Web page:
Monthly reports to the executive committee Senate/House of Commons Committee Reports
Business process mapping documentation Legal cases in relevant program or subject areas
Studies or other internal reviews Research/academic studies and reports
Memoranda to Cabinet Internal Audit reports
Other Assurance Engagements
Treasury Board Submissions
Internal Audit's audit monitoring records and progress in implementing management action plans developed in response to recommendations made in external audit reports (including OAG) and internal audit reports

The following are questions to consider when performing this work:

For an entity (or an entity being considered as part of a sector):

  • What are the entity’s mission, mandate, authorities, key programs, priorities?
  • What are its key objectives, business processes, and performance measures—inputs, outputs, outcomes?
  • Who are the primary clients and stakeholders?
  • How are programs governed, organized, and resourced?
  • What are the critical IM-IT systems? What are the systems of internal control?
  • What are the essential knowledge sources, centres of expertise, and key quantitative and qualitative data sources?
  • What key challenges/risks/constraints does the organization face?

For a sector:

  • How is “the business” defined or characterized? Why is it important to public policy?
  • Who are key players and stakeholders? To what extent are they interdependent?
  • What are the coordination mechanisms?

Teams should be sensitive to requesting too much information from entities and creating unnecessary burdens. Much of this information may be available from the financial audit team.

Auditors should be aware of “red flags” that could indicate risks, such as the following:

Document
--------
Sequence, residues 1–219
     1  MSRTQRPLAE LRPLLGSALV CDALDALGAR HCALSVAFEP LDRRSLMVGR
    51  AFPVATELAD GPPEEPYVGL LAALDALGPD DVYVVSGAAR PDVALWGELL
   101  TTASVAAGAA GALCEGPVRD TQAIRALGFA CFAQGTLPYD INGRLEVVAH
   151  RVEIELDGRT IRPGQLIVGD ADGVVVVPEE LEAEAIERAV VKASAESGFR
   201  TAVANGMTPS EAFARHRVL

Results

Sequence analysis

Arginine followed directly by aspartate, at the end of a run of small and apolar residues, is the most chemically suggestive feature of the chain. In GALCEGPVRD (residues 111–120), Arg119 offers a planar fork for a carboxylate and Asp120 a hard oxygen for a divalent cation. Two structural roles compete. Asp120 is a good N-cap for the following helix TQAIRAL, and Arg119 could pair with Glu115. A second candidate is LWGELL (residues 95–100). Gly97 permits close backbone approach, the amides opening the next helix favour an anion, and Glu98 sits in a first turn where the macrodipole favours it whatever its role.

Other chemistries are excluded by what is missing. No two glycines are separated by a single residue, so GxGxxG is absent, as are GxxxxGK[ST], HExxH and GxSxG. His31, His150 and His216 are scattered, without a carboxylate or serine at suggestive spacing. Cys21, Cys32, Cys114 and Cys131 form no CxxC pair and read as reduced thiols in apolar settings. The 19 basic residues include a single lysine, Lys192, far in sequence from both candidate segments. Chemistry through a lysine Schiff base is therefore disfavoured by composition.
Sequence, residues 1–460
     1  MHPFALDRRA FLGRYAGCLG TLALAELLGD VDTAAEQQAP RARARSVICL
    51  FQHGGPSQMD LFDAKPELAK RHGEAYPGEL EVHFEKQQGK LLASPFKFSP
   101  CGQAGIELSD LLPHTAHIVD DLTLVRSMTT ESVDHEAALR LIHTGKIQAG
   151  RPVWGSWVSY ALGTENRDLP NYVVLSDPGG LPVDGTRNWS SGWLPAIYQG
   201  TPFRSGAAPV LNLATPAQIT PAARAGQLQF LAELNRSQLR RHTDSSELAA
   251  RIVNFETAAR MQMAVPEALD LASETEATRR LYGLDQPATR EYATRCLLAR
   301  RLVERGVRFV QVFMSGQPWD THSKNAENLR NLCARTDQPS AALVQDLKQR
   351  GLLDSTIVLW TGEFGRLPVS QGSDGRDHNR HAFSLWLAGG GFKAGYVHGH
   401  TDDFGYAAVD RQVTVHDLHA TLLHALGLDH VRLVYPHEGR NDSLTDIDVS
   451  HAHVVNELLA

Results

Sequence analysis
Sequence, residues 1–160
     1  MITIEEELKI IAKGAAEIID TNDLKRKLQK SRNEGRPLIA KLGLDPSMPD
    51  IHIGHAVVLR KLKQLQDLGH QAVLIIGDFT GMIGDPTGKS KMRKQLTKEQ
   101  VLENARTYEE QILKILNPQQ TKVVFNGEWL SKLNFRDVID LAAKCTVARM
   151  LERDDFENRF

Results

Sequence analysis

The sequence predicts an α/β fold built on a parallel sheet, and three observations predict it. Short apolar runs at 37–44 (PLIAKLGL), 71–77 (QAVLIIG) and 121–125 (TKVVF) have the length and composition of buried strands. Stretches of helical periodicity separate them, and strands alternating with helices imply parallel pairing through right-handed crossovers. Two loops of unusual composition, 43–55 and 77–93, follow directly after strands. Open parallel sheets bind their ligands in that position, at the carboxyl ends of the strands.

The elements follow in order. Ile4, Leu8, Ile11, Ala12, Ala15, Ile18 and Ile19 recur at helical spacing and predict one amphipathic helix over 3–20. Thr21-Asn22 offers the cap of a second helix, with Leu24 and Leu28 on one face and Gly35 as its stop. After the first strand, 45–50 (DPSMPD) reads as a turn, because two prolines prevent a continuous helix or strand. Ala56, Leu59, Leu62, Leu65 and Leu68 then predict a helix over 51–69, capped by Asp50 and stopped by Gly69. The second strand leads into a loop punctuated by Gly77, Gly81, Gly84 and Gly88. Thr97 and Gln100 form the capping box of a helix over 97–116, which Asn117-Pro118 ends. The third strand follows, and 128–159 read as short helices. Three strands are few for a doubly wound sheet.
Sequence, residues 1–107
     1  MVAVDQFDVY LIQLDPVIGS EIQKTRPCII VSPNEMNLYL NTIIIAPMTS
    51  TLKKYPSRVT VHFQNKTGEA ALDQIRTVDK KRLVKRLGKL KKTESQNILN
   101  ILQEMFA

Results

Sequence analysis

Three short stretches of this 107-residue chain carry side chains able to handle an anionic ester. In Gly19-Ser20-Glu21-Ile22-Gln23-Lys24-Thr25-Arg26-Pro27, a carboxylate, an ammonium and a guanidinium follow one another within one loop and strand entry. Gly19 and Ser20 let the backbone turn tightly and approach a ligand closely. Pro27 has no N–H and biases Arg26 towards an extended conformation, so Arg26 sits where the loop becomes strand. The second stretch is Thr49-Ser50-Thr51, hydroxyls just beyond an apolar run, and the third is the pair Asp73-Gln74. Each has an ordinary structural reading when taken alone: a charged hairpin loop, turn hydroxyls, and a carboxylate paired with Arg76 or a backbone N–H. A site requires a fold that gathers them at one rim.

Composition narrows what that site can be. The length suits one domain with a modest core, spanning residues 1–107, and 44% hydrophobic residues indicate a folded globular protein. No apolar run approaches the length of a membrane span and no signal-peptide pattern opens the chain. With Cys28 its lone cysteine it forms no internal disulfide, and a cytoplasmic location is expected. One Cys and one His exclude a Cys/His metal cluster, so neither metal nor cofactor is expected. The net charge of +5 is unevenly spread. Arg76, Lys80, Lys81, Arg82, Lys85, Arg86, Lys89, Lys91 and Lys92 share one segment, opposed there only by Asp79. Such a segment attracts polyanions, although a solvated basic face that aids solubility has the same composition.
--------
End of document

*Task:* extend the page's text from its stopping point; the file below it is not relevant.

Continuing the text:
• a management tone at the top that is autocratic;
  • lack of internal management reporting or performance measurement;
  • dissatisfaction by major business users/stakeholders of key decision-making information required, resulting in the use of “black book” systems;
  • recent major key systems failures or security breaches;
  • changes in the organization, policies, authorities, or programs, such as
    • high management turnover or long-term vacancies;
    • significant increase in spending but a decline in performance outputs;
    • significant variance in revenue or payment streams;
    • programs or activities introduced or removed in a short period of time;
  • systems or practices that have not changed in a long time despite changes in the environment;
  • high employee grievance rates;
  • service delivery delays or high error rates;
  • lawsuits, contingent liabilities, settlements by the Crown;
  • non-responsiveness to audits or resistance to being audited;
  • budgets exceeded or under-spent by large amounts;
  • authority/approval overrides or bypasses;
  • lack of acknowledgement of risks by management.

Additional factors that auditors may consider when performing work to assess risks associated with an entity’s activities are described in section OAG Audit 4020  Risk Assessment.